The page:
Audrey; Reunion

I am back from North Dakota!  The family reunion was fun.  I was raised in a little farm town of about 800 people, and we had the reunion there so it would be easier for the oldest member of the clan to be there.  My mother had 8 siblings; her father had 7 siblings, so it potentially could have been a huge gathering.  It started out as a reunion of my grandfather’s descendants, but expanded when we were contacted by one of his siblings’ grandchildren; our second cousins twice removed, or something like that.  I had met one of them as a kid, but otherwise none of us had ever met before.  So it was a great experience to get to know some relatives that we didn’t know, and a way to re-connect with the cousins that we haven’t seen in years.  As the older members of the family are passing on, there was more of a sense of urgency to talk to the remaining elders to preserve memories.  There is an old family feud from the previous generation that rather stupidly has passed down to my generation, so one branch of the cousins decided not to show up.  We laughed and ate, took a lot of pictures, and just in general had a great time.  We made a pilgrimage out to the original family farm that my grandfather homesteaded in the early 1900’s.  The original farmhouse is long gone, but the house that I grew up in is still there, though it hasn’t been occupied in years.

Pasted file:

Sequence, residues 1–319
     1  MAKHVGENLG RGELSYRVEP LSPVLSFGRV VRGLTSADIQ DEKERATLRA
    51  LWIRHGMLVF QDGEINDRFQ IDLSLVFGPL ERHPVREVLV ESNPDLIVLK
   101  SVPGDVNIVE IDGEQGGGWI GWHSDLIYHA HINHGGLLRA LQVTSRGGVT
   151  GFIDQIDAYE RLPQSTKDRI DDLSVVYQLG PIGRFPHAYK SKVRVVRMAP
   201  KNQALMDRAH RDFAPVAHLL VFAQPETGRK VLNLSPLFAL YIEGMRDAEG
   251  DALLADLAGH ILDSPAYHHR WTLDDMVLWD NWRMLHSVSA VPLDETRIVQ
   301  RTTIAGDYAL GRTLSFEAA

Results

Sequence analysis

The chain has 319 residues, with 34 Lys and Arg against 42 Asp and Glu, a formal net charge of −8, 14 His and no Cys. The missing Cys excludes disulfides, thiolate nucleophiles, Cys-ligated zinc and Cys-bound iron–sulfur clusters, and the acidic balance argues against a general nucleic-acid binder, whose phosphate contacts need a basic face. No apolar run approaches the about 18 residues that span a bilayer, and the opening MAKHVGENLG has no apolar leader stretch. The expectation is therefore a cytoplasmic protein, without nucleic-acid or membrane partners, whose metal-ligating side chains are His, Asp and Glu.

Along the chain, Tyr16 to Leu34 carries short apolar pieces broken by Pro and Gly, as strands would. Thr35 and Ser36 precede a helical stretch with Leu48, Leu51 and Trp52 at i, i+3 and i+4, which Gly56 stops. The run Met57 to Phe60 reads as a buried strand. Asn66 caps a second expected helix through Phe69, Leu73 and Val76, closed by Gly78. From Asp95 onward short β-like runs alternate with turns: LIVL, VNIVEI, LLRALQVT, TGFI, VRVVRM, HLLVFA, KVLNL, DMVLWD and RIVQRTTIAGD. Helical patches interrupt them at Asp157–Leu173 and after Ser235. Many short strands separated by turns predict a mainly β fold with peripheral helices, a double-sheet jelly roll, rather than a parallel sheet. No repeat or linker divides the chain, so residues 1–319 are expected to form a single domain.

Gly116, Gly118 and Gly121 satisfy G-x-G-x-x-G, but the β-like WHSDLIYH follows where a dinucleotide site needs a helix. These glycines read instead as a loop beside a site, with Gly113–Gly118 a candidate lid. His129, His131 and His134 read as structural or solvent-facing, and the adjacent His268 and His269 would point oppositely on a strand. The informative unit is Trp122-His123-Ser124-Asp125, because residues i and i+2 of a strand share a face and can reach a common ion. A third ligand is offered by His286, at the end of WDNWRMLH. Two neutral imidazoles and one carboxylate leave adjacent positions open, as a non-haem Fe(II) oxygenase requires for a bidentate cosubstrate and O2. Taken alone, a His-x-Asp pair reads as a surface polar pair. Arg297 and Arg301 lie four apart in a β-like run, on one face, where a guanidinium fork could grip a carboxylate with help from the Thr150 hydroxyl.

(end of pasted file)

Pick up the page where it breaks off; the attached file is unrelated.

Here is my old home:

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It was truly sort of weird to be there.  The house was open so we walked through it.  It is still actually in good shape other than a lot of cosmetic things that would need to be done.  I don’t think I have the fortitude to live in a North Dakota farmhouse in the winter though!

Here is what main street looks like.  Note the pickup drivers stopping to visit:

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We had a couple of meals in the local cafe.  This is the sort of place where you are in your seat for dinner promptly at 12 noon; not 12:05, but noon.  “Supper” is in the evening, and “lunch” is that meal you eat between dinner and supper, or maybe between breakfast and dinner if someone stops over at 10 AM.  The whistle blows exactly at noon and 6PM so you know it’s time to eat, and again at 9 PM so you know it’s time you got your butt home if you’re a kid.

Here’s the day’s menu from the cafe:

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On to knitting news.  I got a bit of knitting done while there.  I worked on the Rowan Audrey sweater, and am about two thirds done with the first piece (front? back?).  Initially I didn’t like the shaping but it is growing on me.  I think the darts really help draw the eye in the direction it is supposed to go to make it look shapely.  I don’t think I would have figured them out on the first try without this from Norma.  The directions in the pattern for the increases/decreases leave a little to be desired.